In the next few weeks, the world will turn its attention to Pyeongchang, South Korea, where athletes from 89 countries will go for the gold in the 15 sports that comprise the Winter Olympics. From rough-and-tumble ice hockey to the grace and beauty of figure skating, these sports vary widely in every aspect but one — a reliance on snow and ice. And thanks to the rising temperatures brought on by climate change, the future of those sporting events, and the Winter Olympics themselves, might soon be at risk.
For many of us, climate change is a headline in the newspaper. It’s not something we see and feel every day. But for the athletes competing in the Winter Olympics, the effects of climate change are real, and they’re happening right now. These athletes have seen some of the earliest and most tangible evidence of climate change’s impact, ranging from reduced snowpack and melting ice to a shorter winter. That doesn’t just affect competitions, they also make it difficult for athletes to find reliable places to train.
For Winter Olympians, that means travel to more and more remote locations in search of a dependable training ground. It means competitions hampered by a lack of snow and ice and a larger financial commitment required from host locations as they search for new ways to bring snow and ice to the Games.
According to an international team of researchers led by Daniel Scott, a geography professor at Ontario’s University of Waterloo, nine of the locations that previously hosted the Winter Olympics may be too warm after 2050 to ever host the Games again. Scott’s research was originally published in 2014, but it was updated recently to include data on this year’s host, Pyeongchang, as well as Beijing, host of the 2020 Games.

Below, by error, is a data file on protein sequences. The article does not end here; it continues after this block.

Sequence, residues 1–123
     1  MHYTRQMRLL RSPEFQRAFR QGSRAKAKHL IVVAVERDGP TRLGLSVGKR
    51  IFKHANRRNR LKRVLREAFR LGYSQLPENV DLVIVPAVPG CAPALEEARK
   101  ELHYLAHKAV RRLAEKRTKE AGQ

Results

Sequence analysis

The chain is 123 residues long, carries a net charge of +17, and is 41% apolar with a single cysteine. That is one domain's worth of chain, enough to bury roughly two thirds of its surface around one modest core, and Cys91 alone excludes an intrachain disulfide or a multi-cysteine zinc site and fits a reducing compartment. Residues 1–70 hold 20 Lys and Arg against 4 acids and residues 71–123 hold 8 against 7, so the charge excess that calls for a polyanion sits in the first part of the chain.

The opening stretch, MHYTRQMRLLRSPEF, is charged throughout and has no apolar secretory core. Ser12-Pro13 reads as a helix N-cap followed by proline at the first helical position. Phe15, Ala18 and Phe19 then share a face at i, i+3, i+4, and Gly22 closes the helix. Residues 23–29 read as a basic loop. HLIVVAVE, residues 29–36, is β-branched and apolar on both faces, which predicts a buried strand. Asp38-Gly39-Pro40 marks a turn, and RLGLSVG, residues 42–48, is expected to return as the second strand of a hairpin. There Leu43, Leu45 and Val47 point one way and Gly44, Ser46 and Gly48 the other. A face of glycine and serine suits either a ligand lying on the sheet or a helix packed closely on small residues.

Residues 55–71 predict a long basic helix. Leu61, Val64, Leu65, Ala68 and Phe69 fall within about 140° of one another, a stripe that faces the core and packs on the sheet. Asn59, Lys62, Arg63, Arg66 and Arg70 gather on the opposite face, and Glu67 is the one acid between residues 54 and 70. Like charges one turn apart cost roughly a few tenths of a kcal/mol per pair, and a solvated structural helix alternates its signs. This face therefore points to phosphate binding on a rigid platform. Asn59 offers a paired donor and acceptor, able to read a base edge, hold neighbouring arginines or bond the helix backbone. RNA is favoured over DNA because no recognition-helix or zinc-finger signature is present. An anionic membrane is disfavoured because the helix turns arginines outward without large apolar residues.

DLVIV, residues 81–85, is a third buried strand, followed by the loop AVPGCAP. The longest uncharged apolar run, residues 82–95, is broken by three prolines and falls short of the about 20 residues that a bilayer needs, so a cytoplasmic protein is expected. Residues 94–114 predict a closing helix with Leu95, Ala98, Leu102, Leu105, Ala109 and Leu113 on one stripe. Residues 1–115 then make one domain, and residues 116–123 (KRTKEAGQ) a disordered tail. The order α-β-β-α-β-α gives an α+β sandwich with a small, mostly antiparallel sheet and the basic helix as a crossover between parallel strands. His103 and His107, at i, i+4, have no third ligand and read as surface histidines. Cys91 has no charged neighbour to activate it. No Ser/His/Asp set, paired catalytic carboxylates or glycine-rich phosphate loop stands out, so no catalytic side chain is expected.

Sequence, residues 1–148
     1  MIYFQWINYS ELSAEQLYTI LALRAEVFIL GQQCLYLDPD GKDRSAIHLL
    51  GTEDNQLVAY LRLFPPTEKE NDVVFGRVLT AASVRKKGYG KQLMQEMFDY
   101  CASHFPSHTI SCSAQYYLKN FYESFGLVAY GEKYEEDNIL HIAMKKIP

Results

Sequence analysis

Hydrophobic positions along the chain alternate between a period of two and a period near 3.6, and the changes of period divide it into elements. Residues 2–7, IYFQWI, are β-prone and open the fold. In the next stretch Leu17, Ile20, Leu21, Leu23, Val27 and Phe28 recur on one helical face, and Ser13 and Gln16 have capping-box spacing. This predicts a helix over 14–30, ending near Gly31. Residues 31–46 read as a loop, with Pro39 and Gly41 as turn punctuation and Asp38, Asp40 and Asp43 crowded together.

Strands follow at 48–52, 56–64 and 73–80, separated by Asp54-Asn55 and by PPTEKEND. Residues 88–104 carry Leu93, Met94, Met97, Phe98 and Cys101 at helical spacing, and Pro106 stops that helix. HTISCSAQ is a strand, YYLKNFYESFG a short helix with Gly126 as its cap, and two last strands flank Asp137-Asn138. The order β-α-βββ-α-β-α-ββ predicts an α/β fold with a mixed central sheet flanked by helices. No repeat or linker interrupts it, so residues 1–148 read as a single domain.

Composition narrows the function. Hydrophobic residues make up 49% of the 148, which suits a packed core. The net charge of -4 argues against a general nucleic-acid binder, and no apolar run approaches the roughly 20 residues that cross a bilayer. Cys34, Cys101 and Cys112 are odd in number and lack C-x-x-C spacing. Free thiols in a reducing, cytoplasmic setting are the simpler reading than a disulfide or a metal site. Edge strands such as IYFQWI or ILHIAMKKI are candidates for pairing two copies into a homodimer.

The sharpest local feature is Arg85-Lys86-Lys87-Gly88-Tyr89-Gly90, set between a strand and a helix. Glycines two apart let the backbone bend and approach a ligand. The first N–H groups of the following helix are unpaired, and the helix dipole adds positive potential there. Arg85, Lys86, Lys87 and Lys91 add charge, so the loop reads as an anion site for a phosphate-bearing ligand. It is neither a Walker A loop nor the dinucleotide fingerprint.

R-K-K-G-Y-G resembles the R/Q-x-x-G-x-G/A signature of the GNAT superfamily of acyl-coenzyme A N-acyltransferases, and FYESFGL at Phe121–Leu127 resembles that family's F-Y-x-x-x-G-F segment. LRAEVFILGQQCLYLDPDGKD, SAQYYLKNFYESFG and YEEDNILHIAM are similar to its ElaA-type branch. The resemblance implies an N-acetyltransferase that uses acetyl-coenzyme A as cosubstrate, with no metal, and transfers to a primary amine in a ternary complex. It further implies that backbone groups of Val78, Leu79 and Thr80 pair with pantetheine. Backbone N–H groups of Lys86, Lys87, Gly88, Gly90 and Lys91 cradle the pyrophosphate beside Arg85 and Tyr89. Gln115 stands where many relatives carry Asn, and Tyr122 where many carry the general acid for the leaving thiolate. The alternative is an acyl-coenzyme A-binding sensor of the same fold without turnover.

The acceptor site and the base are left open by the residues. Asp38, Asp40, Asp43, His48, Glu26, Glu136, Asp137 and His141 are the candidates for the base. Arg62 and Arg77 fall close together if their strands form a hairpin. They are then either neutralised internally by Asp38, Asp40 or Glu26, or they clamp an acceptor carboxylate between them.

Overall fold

The study accounts for snowmaking and other adaptations that event coordinators have implemented to deal with the effects of warmer temperatures, such as refrigerated tracks, dry ice ski jumps, and even moving certain events, such as skating, indoors. “There isn’t much more technology that can be used other than to put temporary domes over freestyle skiing or refrigeration under enter ski runs,” Scott said in an interview with MNN. “At that point, the image of the Games would suffer,” he added.
At the 2014 Winter Olympics in Sochi, Russia, athletes complained about having to cancel practices due to a lack of snow and ice as well as inconsistent and sometimes unsafe conditions. For example, the changing conditions of snow in warmer temperatures could make a ski course slower or faster depending upon when an athlete competed. Snowboarders competing in the half-pipe event found it difficult to gain the speed and momentum they needed to complete their maneuvers due to the soft and powdery snow. More than half fell during the qualifying round.
At even greater risk are the Paralympic Winter Games (PWG) because they’re held in March. “The traditional timing of the PWG in March causes it to be much more vulnerable to future climate change,” says Scott, adding that it may be necessary to make even bigger changes to the scope of these events for them to continue past 2050.
“Integrating the Paralympics with the Olympics in the most climatically reliable month of February, and extending the length of these joint games to accommodate the additional events, is one possible strategy,” says Scott. Another alternative Scott noted was to once again hold the PWG in a separate location from the Olympic World Games, as they were from 1976 to 1988, so that the PWG can be held in the colder month of February. “The impacts of climate change foster the eventual unification of the Winter Games,” says Scott.
As Scott’s data shows, there will still be some locations throughout the world that remain cold enough to host the Winter Olympic games well into the next century. But the pool of potential locations will shrink, and many previous hosts, such as Squaw Valley, U.S., Vancouver, and Sochi, Russia will soon no longer be eligible.
Perhaps even greater than the inconvenience climate change may have on the Games is the threat it poses to young athletes. Without local ski slopes, ice skating rinks, and half-pipe courses on which to fall in love with winter sports, it may be hard to find the next generation of winter Olympians. And without Olympians, it may no longer matter where the Games are held.